within the Burst Template suffer 2D10+[WB] in Damage. Critical Success: As above, but those caught in the Feast for
Crows begin to Bleed. Critical Failure: You call forth a flock of murderous crows –
armed with iron beaks and dagger-like talons – not from the
Material Realm but from the Abyss! They swoop about you
and you suffer 2D10+[WB] in Damage and begin to Bleed.
You can see from the spell description how those critical successes and failures are unique to each spell and add to the flavour of the spell. That runs right through the magic system. Everything feels really tight, slick and polished.
The next thing that I think is good is the bestiary. This is not the biggest bestiary in the world but the way it is structured and the breadth of the monsters included is more than adequate. They are also all the most iconic of monsters. Zweihänder also uses a system of true names. So where some games may have seperate stats for a Frost Giant, a Jotun and a Nephilim, Zweihänder uses a single base creature but rather than creating numerous variations it integrates the monsters into its folklore skill. So a Frost Giant is a nephilim as is a Jotun as is a Giant. The actual monster stats are kept secret but the characters can learn, through their skills and game experience interact with just the local names and local monsters.
Zweihänder also has a feature and mechanic for corruption. This also integrates with the bestiary with its mutants and corruptions. The lasting impression is that everything in Zweihänder is, just like the magic, tightly, slick and polished.
So my conclusion is that I like Zweihänder. Right now the game is $14.99 on DTRPG but it is about to disappear. Grim & Perilous Studios have signed a publishing deal and will be disappearing from all the OBS websites. You can preorder the printed books through Amazon and apparently Target and Walmart if you are that way inclined but the price is going to be an awful lot more than the PDF pricing.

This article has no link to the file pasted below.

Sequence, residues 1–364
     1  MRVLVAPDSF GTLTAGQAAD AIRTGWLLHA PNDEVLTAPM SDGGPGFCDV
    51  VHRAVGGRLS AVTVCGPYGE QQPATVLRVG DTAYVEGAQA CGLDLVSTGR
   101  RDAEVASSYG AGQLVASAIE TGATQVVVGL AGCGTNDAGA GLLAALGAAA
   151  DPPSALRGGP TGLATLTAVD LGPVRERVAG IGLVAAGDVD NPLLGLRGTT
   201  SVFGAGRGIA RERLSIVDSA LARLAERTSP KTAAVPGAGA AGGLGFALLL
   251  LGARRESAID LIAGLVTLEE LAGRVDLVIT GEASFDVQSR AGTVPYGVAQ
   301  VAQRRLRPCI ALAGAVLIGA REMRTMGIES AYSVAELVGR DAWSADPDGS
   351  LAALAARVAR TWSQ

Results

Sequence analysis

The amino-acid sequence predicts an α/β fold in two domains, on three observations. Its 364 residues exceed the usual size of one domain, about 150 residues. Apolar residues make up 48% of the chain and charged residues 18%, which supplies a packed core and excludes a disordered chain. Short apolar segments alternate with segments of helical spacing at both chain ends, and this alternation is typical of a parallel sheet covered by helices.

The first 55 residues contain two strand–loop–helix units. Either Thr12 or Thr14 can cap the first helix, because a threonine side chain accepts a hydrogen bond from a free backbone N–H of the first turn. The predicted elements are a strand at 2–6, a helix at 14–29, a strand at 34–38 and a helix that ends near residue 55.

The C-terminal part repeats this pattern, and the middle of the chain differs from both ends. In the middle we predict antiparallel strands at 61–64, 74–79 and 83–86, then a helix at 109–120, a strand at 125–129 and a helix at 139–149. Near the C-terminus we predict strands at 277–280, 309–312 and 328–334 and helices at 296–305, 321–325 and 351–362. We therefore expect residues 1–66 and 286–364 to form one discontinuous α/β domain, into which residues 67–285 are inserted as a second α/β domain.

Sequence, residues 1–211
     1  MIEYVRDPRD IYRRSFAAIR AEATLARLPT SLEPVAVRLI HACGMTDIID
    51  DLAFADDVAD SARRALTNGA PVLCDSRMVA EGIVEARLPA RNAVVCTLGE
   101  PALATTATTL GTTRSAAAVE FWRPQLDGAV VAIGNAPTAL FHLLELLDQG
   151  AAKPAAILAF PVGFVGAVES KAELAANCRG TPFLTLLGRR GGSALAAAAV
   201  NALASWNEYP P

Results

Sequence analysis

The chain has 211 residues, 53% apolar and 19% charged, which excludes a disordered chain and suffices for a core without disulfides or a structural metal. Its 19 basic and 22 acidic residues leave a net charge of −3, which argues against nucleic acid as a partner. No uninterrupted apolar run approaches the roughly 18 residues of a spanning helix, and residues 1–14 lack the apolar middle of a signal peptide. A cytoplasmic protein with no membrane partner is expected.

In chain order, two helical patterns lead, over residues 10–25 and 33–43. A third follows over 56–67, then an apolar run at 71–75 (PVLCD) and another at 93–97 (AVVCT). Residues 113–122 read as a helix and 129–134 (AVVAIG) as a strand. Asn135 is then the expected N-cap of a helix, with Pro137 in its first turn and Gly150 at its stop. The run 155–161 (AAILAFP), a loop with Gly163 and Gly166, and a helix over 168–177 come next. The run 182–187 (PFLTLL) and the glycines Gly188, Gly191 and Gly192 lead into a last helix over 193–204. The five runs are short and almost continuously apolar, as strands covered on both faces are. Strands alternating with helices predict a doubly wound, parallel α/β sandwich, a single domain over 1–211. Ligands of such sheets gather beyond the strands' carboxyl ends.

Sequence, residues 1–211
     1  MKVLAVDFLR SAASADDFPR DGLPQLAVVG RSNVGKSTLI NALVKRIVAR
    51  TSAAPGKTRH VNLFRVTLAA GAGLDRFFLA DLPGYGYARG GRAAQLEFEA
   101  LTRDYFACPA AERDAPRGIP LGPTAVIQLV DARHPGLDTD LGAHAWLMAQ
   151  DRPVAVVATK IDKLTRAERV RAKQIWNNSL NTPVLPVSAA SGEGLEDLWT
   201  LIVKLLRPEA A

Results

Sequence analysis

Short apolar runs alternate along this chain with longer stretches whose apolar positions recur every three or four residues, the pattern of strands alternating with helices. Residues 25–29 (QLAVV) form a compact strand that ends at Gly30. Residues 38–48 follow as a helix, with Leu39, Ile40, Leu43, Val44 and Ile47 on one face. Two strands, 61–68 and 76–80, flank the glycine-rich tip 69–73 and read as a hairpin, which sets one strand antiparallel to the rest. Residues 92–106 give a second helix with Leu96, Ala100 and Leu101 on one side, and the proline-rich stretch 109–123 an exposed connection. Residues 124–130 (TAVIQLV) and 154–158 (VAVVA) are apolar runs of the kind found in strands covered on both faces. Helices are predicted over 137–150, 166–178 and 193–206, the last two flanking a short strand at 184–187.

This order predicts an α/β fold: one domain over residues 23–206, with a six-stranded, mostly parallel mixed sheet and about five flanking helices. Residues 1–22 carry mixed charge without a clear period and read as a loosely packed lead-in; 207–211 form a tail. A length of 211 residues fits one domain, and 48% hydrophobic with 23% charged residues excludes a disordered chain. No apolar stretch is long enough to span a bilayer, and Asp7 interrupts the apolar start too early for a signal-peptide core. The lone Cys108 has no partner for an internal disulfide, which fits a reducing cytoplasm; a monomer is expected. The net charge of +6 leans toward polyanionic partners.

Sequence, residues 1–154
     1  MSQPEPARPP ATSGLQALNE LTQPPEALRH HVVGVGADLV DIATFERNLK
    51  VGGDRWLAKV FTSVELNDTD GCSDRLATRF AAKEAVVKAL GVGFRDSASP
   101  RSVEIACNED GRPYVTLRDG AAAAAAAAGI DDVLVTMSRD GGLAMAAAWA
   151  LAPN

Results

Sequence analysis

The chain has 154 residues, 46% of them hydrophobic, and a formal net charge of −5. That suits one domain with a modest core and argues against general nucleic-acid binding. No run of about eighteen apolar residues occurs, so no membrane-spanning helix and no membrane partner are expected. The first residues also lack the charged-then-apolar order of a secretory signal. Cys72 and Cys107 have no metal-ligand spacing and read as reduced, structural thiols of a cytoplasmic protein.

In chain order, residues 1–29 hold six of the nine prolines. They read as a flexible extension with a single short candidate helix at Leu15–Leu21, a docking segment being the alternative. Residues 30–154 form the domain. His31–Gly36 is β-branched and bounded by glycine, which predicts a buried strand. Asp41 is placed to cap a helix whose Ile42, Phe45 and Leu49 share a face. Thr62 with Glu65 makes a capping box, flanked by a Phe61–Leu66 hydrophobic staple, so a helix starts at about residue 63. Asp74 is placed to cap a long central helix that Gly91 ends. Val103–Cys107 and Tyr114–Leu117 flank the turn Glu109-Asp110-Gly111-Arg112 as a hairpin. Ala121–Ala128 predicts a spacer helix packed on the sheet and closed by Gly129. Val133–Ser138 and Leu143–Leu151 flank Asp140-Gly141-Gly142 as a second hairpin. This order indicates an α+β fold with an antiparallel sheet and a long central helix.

It seems like the world and his brother already own Zweihänder but if you don’t and you think it could be your thing then I would get it sooner rather than later. If you really want to read about it in depth then you can head over to the RolemasterBlog and search for Zweihänder there and you will find my read through.
I have spent nearly all of January reading the ZWEIHÄNDER core book. It is nearly 700 dense pages and I am still only on page 350 or so. The current chapter I am reading is over 110 pages and that is a single chapter!
I will be doing a review of ZWEIHÄNDER at some point but I cannot review something I have neither read no played.
In the meantime I have also picked up some ZWEIHÄNDER supplements. These are an awful lot more digestible as seeing as ZWEIHÄNDER is as popular as it is I thought I would do a quick round up of the ones I have read.
I am going to take a bit of a ‘top down’ approach. I am starting with Carrion Crows which is a campaign seed. As ZWEIHÄNDER has no official setting Carrion Crows creates that setting and provides some entry points.
Undead Cometh is an adventure for ZWEIHÄNDER but with a really unusual methodology, well it is new on me at any rate.
Finally, I will look at Ballers which is a themed collection of professions, talents and rules for the game of Blitzball in the world of ZWEIHÄNDER.
Carrion Crows is a campaign seed. I am going to show my naivety here and admit that I didn’t know what a campaign seed was, by name, until I saw this. For those uninformed people like me it is a combination of micro setting and adventure hooks rolled into a coherent whole. I was once told that Jeep was a military acronym for Just Enough Essential Parts, which is probably not true as it sounds more like a backronym if anything. Well Carrion Crows is a ZWEIHÄNDER jeep. To make sense of the booklet Carrion Crows are the myriad of humanity that pick over battlefields looking to scavenge what can be found. The world of Carrion Crows has heroic knights doing great deeds and then moving on to the next world saving battle but the PCs are not those knights. The PCs in Carrion Crows are those grim faced ones who have to pick up the pieces afterwards and do those smaller quests that may on have meaning to a family or a village but are nevertheless just as important.
The world is resented for the most part through the testimony of those that live in the world, in their own words so to speak. Once the tone is set then the major factions are explained. The links into the ZWEIHÄNDER rules come with rules for The Contagion which is a corrupting central theme of the setting and by tying recommended professions into these factions vying for influence.
ZWEIHÄNDER claims to setting neutral which is really not true, they just have not bundled everything up into a product called Setting. The core book has a world influencing magic system that does not exist in a vacuum, it has gods and religions, it has opinions on how common magic is in society and magical schools and guilds and unsanctioned magic users. All of that is setting. All it is really missing is name, a map and a timeline.